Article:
With yet a few days remaining before my scheduled trip to Mexico, my mother and I went to the airport to resolve the issue with Mexicana in person, as requested. We repeated the concerns that we had expressed over the telephone, but to no avail. When we asked to speak to the manager, all we were told was "He is unavailable." After spending a good hour there, things were just as before. Nothing had been resolved. My mother was so furious that she stepped out of the place with tears of impotence and wrath in her eyes. "This issue will be solved," she said with a broken voice.
That evening she gave me an idea. She told me to call Univision (the popular Spanish-language media company) and tell them my story. I called their viewer number and gave them an overview of the situation with Mexicana. The next morning I got a phone call from them saying that they would send a reporter and a cameraman over later that day to investigate the case! I was overjoyed. I called my mom, and she immediately came over to wait for the crew.
Sure enough, Univision showed up at my home in Sacramento and interviewed us for the story. They asked us for all of the details, and told us that they had spoken with a civil rights attorney. After our interview, Univision asked us if we would be willing to go back to the airport and ask Mexicana the question that we had asked them the day before. We agreed, and I further consented to be fitted with a hidden microphone so the conversation could be recorded.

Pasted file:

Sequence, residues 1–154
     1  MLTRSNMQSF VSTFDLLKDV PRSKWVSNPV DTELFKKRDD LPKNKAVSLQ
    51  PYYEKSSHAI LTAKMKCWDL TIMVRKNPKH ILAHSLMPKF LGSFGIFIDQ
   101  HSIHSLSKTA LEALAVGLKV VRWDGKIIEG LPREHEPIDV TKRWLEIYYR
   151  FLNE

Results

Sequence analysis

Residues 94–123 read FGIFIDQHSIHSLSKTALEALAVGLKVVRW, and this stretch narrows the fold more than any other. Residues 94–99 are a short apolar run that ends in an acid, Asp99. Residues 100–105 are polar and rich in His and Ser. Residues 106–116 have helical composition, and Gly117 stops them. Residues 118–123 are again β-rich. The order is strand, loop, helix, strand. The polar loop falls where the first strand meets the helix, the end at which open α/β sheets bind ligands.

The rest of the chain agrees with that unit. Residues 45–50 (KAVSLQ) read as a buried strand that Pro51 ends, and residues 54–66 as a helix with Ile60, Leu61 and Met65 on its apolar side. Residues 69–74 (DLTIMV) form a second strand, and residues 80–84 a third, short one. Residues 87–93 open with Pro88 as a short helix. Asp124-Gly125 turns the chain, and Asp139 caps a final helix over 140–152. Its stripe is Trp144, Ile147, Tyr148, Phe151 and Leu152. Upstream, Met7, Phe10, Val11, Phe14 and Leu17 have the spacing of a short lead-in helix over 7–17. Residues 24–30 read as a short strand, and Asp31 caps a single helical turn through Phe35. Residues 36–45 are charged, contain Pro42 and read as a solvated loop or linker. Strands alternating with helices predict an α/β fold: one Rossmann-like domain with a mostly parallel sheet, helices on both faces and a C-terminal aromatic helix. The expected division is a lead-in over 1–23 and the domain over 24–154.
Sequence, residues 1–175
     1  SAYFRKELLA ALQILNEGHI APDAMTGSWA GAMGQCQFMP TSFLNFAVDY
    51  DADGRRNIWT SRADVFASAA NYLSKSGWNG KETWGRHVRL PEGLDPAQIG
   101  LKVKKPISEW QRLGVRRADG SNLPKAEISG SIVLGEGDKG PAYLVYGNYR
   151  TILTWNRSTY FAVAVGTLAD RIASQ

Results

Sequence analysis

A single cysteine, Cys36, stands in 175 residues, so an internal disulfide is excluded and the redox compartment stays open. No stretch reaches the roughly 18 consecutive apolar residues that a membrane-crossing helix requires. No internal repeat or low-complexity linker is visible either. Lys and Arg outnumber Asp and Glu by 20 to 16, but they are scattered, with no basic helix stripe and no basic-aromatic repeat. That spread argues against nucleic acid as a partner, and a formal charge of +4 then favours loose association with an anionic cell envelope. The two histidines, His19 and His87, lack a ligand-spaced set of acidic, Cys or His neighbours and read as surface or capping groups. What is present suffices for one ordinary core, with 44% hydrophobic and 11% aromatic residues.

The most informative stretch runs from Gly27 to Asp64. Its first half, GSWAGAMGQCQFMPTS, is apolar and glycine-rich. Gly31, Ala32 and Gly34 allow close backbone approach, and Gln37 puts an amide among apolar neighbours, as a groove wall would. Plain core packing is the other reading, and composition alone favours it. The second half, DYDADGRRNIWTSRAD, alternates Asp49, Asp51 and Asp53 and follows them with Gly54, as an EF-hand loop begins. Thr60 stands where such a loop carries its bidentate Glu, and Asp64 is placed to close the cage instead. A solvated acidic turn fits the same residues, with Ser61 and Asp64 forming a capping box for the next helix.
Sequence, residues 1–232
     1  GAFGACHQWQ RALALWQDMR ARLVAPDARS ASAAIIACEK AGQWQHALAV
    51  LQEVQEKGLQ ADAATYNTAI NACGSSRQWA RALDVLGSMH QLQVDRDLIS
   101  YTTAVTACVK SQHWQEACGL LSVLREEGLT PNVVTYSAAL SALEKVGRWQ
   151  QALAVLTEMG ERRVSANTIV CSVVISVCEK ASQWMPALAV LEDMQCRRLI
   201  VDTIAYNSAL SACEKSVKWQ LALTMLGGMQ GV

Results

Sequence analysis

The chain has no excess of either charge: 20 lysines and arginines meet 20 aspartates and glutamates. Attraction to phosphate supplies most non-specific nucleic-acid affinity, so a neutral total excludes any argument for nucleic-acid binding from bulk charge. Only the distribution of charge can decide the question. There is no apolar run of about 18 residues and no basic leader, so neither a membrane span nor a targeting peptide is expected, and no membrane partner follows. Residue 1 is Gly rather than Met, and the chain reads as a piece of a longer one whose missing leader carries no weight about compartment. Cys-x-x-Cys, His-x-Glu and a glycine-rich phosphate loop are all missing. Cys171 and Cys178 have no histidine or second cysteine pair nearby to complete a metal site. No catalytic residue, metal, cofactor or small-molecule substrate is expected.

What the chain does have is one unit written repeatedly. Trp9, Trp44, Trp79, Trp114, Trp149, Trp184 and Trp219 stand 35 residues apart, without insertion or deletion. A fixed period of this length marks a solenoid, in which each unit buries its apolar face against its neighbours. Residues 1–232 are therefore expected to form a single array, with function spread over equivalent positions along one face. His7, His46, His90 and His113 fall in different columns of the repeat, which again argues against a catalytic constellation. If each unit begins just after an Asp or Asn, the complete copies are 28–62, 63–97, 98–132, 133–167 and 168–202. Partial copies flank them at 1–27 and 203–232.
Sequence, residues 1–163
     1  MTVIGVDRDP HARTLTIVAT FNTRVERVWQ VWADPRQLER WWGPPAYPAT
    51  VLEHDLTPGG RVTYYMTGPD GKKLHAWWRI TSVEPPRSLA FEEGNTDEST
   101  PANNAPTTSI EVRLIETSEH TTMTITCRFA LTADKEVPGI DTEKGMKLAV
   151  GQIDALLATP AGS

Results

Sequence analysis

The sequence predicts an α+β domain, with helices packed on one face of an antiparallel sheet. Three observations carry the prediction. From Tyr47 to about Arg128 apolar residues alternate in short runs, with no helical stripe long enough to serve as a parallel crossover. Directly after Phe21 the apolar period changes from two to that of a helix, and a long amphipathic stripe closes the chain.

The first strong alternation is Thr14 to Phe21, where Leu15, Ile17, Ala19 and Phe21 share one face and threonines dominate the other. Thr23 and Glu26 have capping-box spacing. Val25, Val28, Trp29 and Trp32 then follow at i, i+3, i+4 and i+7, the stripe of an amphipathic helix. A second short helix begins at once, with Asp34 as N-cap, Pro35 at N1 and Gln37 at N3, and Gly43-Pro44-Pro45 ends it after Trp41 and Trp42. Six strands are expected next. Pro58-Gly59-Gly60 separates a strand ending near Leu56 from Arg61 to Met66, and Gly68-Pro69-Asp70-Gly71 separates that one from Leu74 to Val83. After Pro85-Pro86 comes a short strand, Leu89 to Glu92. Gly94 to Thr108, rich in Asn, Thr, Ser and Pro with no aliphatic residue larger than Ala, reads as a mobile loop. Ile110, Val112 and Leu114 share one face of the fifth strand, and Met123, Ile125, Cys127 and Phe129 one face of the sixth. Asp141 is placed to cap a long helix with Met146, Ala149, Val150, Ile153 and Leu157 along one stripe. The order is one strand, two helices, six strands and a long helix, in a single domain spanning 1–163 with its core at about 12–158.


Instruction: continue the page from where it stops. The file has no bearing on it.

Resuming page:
When the Mexicana representatives at the airport saw the news cameras they refused to speak until the cameras had been turned off. (Little did they know that I was wired for sound throughout the entire meeting). There was a significant change in their attitude when faced with media scrutiny. The manager stepped out to greet us, and politely asked us what we wanted. One final time, we repeated our simple question to the airline, and this time to a manager. "I'll be right back," he said. Forty-five minutes later he returned.
"You will be given service and you will be helped," my mother and I were finally told. No more was said. We thanked Univision for their assistance and support, and then everyone went their separate ways. That evening at 6:00 and 11:00 p.m. my story aired on Univision.
When the day of my trip finally came, I began to wonder if Mexicana would be true to their word. I was even tempted to just call the whole thing off, but I had already paid for my flight and it was too late to turn back. I gathered all of my courage and went for it - - and when I traveled, I did receive the help I was after.
Sometimes one must demand what one is after!
Mr. Vazquez is a proud 2002 alumnus of the California School for the Blind and Kennedy High School (both in Fremont, CA). He attended the Living Skills Center for the Visually Impaired in San Pablo, CA. He is currently enrolled in Sacramento City College, and is interested in pursuing a career in sound engineering.
He may be reached through the following address: firstname.lastname@example.org.